35 Spectacular Photos That Highlight The Importance Of Saving The Great Barrier Reef
Queensland's World Heritage Area is under threat after the Government approved plans to create a massive coal port right beside the GBR.
On Wednesday, 11 December, the Abbott Government approved dredging off the coast of Queensland, which will create one of the largest coal ports in the world.
Three million cubic metres of seabed are going to be dredged around Abbot Point, the spoil of which will be dumped into the Great Barrier Reef World Heritage Area.
Federal Environment Minister Greg Hunt claims the dredging projects will be subject to the "strictest conditions in Australian history" and that the Great Barrier Reef will be protected.
But an independent report released earlier in the year found that dredging could be more damaging than previously thought.
At particular risk are the already-threatened species of turtles that live and nest in the area.
Dugongs are also under threat. Their sole source of food is the seagrass that grows in the areas waste will be dumped.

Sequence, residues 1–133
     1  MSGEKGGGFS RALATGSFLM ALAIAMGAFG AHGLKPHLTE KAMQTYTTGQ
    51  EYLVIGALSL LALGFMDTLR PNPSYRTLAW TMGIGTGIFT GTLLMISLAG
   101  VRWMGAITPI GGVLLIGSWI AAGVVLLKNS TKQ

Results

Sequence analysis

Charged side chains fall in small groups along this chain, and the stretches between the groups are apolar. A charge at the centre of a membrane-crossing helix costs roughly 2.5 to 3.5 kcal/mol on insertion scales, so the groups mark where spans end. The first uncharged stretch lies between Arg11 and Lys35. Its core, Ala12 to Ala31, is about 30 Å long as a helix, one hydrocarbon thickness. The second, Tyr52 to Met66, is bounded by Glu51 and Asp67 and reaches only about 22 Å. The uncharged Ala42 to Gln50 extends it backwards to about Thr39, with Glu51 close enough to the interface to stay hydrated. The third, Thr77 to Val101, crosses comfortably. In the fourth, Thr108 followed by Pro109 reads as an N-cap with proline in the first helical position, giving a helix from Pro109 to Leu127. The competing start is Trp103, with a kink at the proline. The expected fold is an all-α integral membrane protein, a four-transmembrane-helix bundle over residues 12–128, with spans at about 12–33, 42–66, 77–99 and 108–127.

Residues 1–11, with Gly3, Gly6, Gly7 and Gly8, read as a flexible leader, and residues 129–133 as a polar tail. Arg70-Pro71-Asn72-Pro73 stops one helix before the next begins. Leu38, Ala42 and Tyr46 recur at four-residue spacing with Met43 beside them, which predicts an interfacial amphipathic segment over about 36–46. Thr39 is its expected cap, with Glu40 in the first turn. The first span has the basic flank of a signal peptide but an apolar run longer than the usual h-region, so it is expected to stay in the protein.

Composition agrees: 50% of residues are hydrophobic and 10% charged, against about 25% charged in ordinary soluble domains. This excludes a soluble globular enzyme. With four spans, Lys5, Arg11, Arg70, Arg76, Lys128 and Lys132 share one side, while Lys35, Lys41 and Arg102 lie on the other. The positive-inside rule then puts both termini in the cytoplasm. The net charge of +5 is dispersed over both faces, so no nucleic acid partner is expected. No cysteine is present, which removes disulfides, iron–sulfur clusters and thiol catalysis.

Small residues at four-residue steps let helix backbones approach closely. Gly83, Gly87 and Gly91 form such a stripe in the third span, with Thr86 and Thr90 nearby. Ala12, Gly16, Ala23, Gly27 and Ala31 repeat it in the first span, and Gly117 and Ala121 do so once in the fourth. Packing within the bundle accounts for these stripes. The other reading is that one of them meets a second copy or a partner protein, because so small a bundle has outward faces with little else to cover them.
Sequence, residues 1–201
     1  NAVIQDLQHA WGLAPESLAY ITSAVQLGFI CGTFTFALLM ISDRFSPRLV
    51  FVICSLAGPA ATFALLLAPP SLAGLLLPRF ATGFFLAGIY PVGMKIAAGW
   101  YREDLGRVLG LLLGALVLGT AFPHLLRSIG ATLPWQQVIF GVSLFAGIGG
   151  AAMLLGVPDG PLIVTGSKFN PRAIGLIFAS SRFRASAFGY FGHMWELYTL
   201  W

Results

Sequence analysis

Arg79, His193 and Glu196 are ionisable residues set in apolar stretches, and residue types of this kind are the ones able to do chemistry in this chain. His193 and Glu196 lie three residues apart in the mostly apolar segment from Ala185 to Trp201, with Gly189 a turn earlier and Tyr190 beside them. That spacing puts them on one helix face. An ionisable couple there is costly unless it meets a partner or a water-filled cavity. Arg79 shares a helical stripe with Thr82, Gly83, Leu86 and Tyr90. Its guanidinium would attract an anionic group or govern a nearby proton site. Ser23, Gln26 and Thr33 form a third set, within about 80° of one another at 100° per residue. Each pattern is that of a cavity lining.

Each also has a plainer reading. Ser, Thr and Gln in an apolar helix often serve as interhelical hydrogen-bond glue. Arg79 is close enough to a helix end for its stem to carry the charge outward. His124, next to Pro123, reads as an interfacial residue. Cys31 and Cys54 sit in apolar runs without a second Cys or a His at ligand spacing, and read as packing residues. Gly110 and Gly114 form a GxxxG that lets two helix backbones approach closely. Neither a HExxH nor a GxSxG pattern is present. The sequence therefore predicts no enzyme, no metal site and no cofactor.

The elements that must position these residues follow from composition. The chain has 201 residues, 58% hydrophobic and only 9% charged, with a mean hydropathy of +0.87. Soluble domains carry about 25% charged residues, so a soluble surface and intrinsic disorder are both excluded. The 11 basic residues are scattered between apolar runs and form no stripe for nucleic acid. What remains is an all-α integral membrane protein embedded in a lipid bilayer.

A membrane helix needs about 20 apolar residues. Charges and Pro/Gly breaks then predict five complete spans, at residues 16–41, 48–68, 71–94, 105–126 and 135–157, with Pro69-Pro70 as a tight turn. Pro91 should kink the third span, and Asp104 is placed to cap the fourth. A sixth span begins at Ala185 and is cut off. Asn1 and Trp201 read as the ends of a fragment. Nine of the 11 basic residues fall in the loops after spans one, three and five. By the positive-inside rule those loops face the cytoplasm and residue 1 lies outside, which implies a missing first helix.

The waters around Abbot Point are also a popular humpback whale gathering area.
The Great Barrier Reef is home to more than 30 species of whales and dolphins, and over 1,500 species of fish.
And his beautiful, precious mates...
The Great Barrier Reef is already in a vulnerable position.
Despite being the largest reef in the world, it has lost more than half its corals since 1985.
The sediment released into the water as a result of the dredging could further damage the coral that's left.
The effects of dredging and dumping on the reef could potentially be devastating.
The WWF and the Australian Marine Conservation Society have come together in a campaign to Fight for the Reef.
The Australian Conservation Foundation have also created a petition, which you can sign here, that will be delivered to Greg Hunt as well as his counterparts in the Greens and Labor. #SaveTheReef
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